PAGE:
6.13 / Queer Two

Mirrorball

Ben used to call me only late at night, blurry drunk, too drunk to go home but not so drunk that he couldn’t operate a phone if he had one eye closed and said the number over and over. I don’t know how he managed to always remember my number. It was, after all, my number, not our number, not the number we had when we were together. It was the number I got after we both left the old one behind to curse someone else. But I joke. Now he just emails me, seems cautious around what his therapist called boundaries, like a bleated-out bovine cowering next to a familiar electric fence.

So he emails me. “Dear Nick.” Hears we’re in the same city for once. I’m back for a few months. Someone saw me. Says he has something to tell me. “To show you, actually,” he adds in case he’s not being cryptic enough. I email back, ask where and when. He responds before I can close the email program: “café at the corner of Davie and Denman. Tomorrow morning. 11:00.” It’s not really like him to be this specific. See, he is the guy who perennially sets out to go to a housewarming party without an address, without directions, without a compass or an umbrella. He calls this optimistic.

For the last few years we’ve only seen each other in other cities. A martini or two on Bloor in Toronto, pancakes at a café in Studio City, California, and one time half an ice cream each in Santa Monica (interrupted by a collision with a scantily clad rollerblader). We’re rarely in this city at the same time. That and the conversations we’ve had to have since things ended nine and a bit years ago have come sporadically, carefully, with surprising wounds and little eye contact. The last time, the ice cream massacre, had been a gush, a rupture. Ben had tripped over scar tissue and decided to be done with it. Time to talk about histories we could barely remember except as a slide show of smudged colours and hurts. But we got our fill of needless apologies and confessions. All the Velcro sprung now except for a few last lingering latches, this was the letting go. So this email, this call for a coffee, something to show me, seems a change in direction, seems unfamiliar.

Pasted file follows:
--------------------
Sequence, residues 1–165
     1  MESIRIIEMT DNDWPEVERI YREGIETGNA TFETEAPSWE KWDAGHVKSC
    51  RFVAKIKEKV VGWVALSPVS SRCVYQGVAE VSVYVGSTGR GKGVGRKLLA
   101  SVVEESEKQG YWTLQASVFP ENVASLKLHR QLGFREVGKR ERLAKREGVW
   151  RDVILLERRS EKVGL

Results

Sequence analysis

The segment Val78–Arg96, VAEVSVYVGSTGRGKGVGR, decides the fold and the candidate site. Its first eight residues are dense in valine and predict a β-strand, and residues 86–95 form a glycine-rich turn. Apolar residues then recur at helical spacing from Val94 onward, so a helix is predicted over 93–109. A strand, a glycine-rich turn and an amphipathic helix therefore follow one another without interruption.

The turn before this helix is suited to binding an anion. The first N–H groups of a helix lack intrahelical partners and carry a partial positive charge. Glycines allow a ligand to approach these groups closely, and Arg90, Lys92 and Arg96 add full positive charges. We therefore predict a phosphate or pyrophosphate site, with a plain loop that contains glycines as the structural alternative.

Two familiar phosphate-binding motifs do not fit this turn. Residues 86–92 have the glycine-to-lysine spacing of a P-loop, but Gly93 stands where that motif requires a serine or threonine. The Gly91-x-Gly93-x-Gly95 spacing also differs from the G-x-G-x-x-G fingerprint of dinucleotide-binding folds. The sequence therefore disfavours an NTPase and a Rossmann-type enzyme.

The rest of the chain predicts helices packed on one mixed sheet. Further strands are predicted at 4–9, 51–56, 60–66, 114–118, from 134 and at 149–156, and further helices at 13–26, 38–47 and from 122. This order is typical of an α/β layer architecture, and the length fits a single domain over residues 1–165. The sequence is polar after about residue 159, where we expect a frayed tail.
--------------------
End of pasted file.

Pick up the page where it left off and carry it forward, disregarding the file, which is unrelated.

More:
And then I forget about it until the next morning, Saturday, when I wake late, around nine to my cell spasming to a text from him: “10:45?” And I remember. So text back agreement to the earlier time and rush for the shower. Coffees with ex’s require almost the same prep as first dates, all with the same demand: desire me above all others. Or at least pretend.

I shower fast, face scrub some colour into my cheeks, dry my hair thoroughly so it won’t hang limp, won’t reveal it’s fading thickness. I am out the door, down the street, I am five minutes late, and can see his knees bouncing under the café table from half a block away.